1 Answer | Add Yours
Both terms are very similar in their meaning. They both refer to women seeking the right to vote against a patriarchal establishment. The differences between the term might relate to how those who fought for this right were viewed by the social and political orders. The term "suffragette" was coined by British media to describe in a derogatory manner those women who were staunch advocates of social change. Similar to the term "Queer" in United States history and lecixon, something that was used to demonize and separate ended up becoming appropriated as a "badge" or a nameplate that indicated change. "Suffragette" became appropriated by women fighting for the right to vote and was transformed into "suffragist," a term that was accepted in America when American women sought the same rights in their nation. The suffix of "-ette" was seen as the derogatory element, seeking to use language to keep women in a position of social subservience. Yet, the appropriation of language to assert power can be seen and through it, women's political rights in both England and the United States.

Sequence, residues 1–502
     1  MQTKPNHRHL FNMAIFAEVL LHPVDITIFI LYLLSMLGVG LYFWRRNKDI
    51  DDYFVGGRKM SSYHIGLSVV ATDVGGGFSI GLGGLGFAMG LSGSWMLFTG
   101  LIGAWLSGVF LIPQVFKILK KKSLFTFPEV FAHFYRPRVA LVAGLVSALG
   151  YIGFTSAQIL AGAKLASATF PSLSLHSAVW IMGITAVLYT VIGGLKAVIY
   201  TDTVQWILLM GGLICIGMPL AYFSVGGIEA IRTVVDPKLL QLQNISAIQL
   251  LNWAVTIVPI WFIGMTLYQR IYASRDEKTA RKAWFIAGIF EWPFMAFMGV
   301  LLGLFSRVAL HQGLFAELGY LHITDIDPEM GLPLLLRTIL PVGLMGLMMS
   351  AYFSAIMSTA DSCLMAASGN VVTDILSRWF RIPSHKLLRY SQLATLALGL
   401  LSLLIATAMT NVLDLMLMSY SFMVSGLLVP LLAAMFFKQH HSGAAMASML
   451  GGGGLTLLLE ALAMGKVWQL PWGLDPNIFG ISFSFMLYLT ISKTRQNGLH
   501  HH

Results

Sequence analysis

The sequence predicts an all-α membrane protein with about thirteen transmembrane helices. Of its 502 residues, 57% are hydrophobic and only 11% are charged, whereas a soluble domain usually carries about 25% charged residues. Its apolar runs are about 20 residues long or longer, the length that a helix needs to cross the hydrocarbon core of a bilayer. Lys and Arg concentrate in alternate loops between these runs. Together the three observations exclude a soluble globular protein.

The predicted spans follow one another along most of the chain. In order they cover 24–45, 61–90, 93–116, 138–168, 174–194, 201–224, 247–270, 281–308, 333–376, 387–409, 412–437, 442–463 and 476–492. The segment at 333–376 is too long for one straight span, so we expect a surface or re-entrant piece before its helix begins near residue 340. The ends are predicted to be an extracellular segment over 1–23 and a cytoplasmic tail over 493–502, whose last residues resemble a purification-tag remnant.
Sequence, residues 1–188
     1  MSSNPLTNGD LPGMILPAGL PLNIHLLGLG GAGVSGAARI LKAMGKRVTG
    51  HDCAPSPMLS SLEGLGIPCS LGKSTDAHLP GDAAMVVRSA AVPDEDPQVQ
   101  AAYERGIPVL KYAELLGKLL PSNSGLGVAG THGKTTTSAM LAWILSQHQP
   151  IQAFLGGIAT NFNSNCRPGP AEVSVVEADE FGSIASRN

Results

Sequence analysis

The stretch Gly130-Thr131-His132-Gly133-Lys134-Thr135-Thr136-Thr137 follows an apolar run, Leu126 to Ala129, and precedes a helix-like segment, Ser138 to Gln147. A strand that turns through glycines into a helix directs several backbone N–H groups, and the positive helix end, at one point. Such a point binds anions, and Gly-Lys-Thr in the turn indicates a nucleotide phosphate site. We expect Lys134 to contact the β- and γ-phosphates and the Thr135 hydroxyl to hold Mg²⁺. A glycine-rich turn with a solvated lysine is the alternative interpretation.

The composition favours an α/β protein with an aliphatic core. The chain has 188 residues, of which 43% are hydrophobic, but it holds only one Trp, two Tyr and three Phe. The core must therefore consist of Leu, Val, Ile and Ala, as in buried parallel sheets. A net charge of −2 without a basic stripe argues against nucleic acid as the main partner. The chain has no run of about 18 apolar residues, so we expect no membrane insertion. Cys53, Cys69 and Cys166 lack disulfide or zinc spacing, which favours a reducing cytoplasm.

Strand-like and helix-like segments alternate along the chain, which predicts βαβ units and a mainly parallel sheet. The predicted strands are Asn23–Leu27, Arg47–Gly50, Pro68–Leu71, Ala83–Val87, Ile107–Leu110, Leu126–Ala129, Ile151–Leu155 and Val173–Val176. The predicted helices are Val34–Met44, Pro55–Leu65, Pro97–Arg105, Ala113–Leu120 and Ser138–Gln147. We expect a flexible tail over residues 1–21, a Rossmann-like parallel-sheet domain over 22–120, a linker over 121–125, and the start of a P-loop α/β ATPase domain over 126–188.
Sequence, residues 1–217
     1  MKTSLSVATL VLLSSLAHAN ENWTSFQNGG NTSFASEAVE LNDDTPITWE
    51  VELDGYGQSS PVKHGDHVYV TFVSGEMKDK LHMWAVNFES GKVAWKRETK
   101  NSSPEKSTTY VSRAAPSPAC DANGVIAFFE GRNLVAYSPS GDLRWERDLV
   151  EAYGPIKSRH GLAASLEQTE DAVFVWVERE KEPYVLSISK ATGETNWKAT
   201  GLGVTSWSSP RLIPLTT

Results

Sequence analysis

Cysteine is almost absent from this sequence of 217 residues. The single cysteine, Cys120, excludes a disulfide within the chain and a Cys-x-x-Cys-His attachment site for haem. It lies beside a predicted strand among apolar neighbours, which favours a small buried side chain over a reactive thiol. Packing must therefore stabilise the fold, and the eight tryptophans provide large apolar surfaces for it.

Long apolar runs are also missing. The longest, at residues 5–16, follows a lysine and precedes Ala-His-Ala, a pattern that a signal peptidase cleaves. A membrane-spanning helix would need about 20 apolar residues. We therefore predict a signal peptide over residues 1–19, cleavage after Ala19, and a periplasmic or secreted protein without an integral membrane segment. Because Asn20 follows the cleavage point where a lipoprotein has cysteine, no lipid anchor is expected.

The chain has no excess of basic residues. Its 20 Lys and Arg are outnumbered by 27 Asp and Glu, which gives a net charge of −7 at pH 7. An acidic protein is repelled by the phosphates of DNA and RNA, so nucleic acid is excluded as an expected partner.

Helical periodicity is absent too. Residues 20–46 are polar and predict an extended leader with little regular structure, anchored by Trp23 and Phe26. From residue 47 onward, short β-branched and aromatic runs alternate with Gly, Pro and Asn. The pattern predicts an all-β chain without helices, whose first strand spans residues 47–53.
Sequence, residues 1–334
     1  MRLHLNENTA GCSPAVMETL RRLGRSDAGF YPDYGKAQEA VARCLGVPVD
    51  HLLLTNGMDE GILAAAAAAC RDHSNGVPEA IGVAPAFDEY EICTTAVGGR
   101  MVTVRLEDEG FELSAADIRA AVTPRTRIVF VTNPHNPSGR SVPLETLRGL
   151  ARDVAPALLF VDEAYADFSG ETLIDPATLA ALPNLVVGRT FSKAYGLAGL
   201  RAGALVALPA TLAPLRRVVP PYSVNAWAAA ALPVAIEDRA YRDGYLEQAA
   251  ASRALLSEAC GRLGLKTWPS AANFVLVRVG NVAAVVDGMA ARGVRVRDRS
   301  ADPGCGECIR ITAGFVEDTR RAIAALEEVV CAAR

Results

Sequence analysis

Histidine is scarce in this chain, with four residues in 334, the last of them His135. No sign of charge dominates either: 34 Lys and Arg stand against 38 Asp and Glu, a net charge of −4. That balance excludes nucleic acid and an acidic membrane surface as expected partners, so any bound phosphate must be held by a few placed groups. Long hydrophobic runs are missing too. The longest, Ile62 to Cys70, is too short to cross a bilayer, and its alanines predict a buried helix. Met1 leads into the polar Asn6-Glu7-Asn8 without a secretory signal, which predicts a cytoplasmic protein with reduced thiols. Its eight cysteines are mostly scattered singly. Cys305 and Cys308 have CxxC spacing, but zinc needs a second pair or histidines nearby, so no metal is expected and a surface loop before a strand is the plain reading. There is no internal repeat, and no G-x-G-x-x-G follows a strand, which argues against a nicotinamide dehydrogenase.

We’ve answered 319,175 questions. We can answer yours, too.Ask a question